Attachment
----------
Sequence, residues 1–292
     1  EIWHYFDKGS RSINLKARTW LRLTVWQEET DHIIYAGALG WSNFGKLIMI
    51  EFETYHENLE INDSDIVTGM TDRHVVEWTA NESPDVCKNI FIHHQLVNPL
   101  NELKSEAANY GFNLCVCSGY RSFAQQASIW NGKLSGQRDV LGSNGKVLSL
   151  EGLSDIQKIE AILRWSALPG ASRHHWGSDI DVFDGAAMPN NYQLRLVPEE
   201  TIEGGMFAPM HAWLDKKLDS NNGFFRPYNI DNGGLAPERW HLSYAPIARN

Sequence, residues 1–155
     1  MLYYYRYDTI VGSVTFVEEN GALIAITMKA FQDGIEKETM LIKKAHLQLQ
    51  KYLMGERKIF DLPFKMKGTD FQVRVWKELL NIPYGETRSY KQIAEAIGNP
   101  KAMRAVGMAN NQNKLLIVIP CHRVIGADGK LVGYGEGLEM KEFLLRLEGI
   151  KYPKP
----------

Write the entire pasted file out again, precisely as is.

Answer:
Sequence, residues 1–292
     1  EIWHYFDKGS RSINLKARTW LRLTVWQEET DHIIYAGALG WSNFGKLIMI
    51  EFETYHENLE INDSDIVTGM TDRHVVEWTA NESPDVCKNI FIHHQLVNPL
   101  NELKSEAANY GFNLCVCSGY RSFAQQASIW NGKLSGQRDV LGSNGKVLSL
   151  EGLSDIQKIE AILRWSALPG ASRHHWGSDI DVFDGAAMPN NYQLRLVPEE
   201  TIEGGMFAPM HAWLDKKLDS NNGFFRPYNI DNGGLAPERW HLSYAPIARN

Sequence, residues 1–155
     1  MLYYYRYDTI VGSVTFVEEN GALIAITMKA FQDGIEKETM LIKKAHLQLQ
    51  KYLMGERKIF DLPFKMKGTD FQVRVWKELL NIPYGETRSY KQIAEAIGNP
   101  KAMRAVGMAN NQNKLLIVIP CHRVIGADGK LVGYGEGLEM KEFLLRLEGI
   151  KYPKP